Denton: Tight Rookie of the Year Race
By John Denton
Feb. 26, 2014
PHILADELPHIA – Victor Oladipo and Michael Carter-Williams came from the same draft class and have become fast friends off the court as they simultaneously try to make the transition to life in the NBA.
Both of their coaches – Orlando’s Jacque Vaughn and Philadelphia’s Brett Brown – see the two point guards as being forever linked because of their deep talent bases and their ultra-bright futures.
The two point guards entered Wednesday night’s game in Philadelphia ranked first and second in rookie scoring (Carter-Williams at 17.3 ppg. and Oladipo at 14 ppg.), steals (Carter-Williams at 2.02 spg. and Oladipo at 1.64 spg.) and minutes (Carter-Williams at 34.6 mpg. and Oladipo at 31.9 mpg). The two even formed a team at the NBA All-Star Game, finishing second in the Skills Contest.
Vaughn and Brown see Oladipo and Carter-Williams as the leaders of the next wave of promising point guards in the NBA. Their styles are dramatically different – Oladipo is quicker and more physical, while Carter-Williams is longer and the craftier passer – but their success very well could run parallel for years to come.
``I think they will always be linked because of their draft class. Both are rising stars and both in the conversation for Rookie of the Year, so they will be linked together for a long time,’’ Vaughn said. ``Michael has played extremely well for his group with his ability to get to the paint and pass the ball. So he’s done a lot of good things for Coach Brown.’’
Brown was asked if Oladipo and Carter-Williams have the potential to be future stars and he said, ``You would have to think so, wouldn’t you, after you look at what they’ve both done in their first NBA season. They do what they do differently, but those are two excellent prospects for the future. But what we’ve all learned though is that it is early days for everybody. You just never know. They are both in great situations where they can play big minutes without a lot of expectation. Time will tell exactly how far each of those kids get.’’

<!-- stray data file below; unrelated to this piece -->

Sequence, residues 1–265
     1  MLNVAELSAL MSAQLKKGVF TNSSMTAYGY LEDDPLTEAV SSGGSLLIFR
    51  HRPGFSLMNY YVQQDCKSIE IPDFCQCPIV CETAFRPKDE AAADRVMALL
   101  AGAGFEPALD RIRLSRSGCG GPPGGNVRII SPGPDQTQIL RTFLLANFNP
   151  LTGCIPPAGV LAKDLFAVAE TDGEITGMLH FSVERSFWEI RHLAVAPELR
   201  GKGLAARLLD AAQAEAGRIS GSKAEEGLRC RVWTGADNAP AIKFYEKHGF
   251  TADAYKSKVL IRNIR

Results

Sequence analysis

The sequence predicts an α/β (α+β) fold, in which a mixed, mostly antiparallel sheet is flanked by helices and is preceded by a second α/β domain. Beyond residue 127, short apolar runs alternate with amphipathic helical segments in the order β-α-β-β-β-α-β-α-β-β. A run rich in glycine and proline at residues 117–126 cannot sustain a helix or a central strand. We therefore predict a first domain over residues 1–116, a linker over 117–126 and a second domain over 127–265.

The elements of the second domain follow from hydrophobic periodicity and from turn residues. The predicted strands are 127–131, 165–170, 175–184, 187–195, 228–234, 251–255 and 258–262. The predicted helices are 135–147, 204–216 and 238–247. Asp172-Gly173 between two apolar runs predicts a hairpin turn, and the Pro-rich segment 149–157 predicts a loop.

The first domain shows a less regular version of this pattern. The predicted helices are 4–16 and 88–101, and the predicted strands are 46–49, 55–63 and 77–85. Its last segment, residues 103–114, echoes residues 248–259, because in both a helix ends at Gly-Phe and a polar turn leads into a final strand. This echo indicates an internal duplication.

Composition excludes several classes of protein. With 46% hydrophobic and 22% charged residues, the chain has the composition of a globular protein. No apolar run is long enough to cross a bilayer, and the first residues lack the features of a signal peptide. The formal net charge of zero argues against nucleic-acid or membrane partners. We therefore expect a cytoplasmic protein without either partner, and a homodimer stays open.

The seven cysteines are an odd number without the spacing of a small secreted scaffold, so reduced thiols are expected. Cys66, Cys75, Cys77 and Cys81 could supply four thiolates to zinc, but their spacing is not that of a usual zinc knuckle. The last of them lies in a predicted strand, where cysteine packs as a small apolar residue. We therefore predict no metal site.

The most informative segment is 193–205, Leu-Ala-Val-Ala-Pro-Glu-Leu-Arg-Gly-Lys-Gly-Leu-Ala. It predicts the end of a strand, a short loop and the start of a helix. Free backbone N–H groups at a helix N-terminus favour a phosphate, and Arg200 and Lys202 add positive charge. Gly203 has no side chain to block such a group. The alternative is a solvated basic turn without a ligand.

DEDMON’S LINK: Seven-foot center Dewayne Dedmon signed a 10-contract with the Magic on Monday but he didn’t see action in Washington in his first game in an Orlando uniform.
The USC product, who practiced against Magic center Nikola Vucevic as he was redshirting, is quite familiar to the whirlwind that comes with joining a team on a short contract. He inked two 10-day deals with the 76ers earlier this season. He said that the opportunity to play with the Golden State Warriors and Philadelphia, playing 15 NBA games in all, put him in a position to hook on with the Magic.
``It was a good opportunity and I really appreciate everything that the Philly organization did for me,’’ Dedmon said. ``It was good to get some exposure that helped me land a job here. It was good to come to Philadelphia and play. And I got a lot of exposure in the D-League, too.’’
Because Dedmon has been through just one shootaround with the Magic and hasn’t spent much time around his new coaches and teammates, he is probably better known to Philadelphia’s Brown. Brown learned of Dedmon’s story of not starting to play basketball until his senior year of high school because of religious reasons.
``He was a wide-eyed kid for us who hadn’t had that much of a taste of the NBA,’’ Brown said. ``But he also hadn’t played basketball until he was 18. He’s 7-foot, and a young guy who played with some energy and he was good while he was here.’’